David Cameron to demand €7bn cuts in Brussels bureaucracy at EU summit
Andrew Grice has been Political Editor of The Independent since 1998. He was previously Political Editor of The Sunday Times, where he worked for 10 years, and he has been a Westminster-based journalist since 1982. His column, Inside Politics, appears in The Independent each Saturday.
Wednesday 06 February 2013
Tens of billions of euros of further cuts will be demanded by David Cameron as European Union leaders wrangle over how much the 27-nation bloc should spend between 2014 and 2020.
There were signs tonight that the Prime Minister’s campaign for spending restraint is gaining support. Herman Van Rompuy, the European Council President, who will chair a two-day summit in Brussels, starting on Thursday, is expected to reduce by €15bn the €973bn seven-year budget he proposed in November, which resulted in deadlock when EU leaders debated it.
Mr Van Rompuy said that “for the first time ever there will be a real-terms cut compared to the current budget”. On the face of it, that would meet Mr Cameron’s long-stated goal and could allow him to “sell” the deal to Eurosceptic Tory MPs.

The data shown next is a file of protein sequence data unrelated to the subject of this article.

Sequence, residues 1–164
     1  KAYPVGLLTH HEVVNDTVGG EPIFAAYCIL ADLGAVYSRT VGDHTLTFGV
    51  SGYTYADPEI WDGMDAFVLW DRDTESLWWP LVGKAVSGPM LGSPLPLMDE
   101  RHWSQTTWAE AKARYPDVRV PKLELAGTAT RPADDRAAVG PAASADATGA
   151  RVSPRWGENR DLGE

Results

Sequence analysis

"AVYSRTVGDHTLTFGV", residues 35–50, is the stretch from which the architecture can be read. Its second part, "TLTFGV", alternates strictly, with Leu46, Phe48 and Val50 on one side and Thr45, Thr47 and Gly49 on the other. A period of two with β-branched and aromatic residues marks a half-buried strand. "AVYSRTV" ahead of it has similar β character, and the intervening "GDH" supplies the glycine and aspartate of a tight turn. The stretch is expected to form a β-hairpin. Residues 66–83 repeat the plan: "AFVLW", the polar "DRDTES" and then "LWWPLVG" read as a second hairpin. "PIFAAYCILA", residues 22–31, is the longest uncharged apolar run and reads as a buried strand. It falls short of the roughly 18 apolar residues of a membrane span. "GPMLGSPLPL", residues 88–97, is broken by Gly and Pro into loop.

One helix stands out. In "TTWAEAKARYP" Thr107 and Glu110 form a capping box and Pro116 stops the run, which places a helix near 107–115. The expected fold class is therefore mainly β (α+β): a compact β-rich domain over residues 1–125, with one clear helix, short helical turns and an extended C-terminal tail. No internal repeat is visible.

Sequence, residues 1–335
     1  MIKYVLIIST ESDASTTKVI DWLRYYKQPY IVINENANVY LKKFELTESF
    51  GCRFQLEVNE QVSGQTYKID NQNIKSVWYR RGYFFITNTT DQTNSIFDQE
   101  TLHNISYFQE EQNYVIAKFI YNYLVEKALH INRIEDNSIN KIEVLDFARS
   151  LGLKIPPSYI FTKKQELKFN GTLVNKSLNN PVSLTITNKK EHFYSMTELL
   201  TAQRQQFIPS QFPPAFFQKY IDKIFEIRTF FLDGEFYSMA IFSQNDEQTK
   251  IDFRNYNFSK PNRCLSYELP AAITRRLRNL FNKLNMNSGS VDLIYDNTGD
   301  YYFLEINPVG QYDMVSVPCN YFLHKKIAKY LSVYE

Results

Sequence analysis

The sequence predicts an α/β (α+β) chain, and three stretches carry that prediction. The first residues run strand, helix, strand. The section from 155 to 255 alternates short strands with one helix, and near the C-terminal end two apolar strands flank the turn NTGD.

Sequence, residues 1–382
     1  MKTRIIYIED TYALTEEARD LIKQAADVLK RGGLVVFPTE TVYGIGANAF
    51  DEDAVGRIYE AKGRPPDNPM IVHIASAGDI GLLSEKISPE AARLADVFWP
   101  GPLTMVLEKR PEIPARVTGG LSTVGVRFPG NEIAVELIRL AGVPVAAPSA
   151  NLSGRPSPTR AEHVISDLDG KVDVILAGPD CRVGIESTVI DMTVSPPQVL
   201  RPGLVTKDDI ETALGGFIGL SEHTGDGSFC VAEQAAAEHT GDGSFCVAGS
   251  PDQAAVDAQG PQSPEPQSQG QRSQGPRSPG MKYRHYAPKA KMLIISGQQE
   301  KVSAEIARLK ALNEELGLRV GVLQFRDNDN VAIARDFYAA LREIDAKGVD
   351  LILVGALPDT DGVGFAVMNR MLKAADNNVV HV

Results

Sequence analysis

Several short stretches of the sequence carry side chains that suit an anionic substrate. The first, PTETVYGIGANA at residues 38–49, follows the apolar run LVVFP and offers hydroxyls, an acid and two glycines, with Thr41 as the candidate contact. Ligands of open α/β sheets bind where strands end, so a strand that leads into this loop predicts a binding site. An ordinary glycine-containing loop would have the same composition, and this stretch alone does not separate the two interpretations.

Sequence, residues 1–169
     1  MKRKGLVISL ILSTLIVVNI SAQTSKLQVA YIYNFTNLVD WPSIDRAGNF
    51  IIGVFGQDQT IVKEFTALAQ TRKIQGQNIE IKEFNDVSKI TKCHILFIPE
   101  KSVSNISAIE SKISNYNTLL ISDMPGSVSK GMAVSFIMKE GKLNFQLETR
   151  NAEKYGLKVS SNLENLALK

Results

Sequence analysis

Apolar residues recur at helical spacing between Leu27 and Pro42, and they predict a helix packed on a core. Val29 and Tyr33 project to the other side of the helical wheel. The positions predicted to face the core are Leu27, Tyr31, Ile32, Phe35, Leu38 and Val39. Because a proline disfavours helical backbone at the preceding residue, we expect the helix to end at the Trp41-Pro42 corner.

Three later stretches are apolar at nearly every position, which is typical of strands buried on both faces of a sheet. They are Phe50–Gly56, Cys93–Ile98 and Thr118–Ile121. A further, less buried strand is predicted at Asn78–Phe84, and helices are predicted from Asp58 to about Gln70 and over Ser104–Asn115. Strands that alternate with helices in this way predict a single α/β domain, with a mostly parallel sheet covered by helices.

Mr Cameron will renew his demand for at least €7bn of cuts to the Brussels bureaucracy through a 10 per cent reduction in the pay bill; an end to automatic promotion; reduced pension rights and scrapping special tax advantages for staff. He will point out that Whitehall has secured £12bn of similar efficiency savings since the Coalition was formed in 2010.
It will be his first meeting with his EU counterparts since he announced an in/out referendum on Britain’s membership of the Union last month – a move which angered some. The Prime Minister told MPs: “These are going to be extremely difficult negotiations.”
Angela Merkel, the German Chancellor, is seeking to broker a deal acceptable to both the UK and France, whose President, François Hollande, is keener to maintain spending and has previously targeted the special rebate on Britain’s EU contributions won by Margaret Thatcher in 1984. The net recipients from the EU budget, including Poland, are also anxious to preserve spending levels.
The European Commission said it had already agreed to cut more than €1bn in administrative costs over the period. A spokesman said more severe cuts would leave the Commission unable to do its job, just as it is being called on to do more as the EU integrates more deeply.
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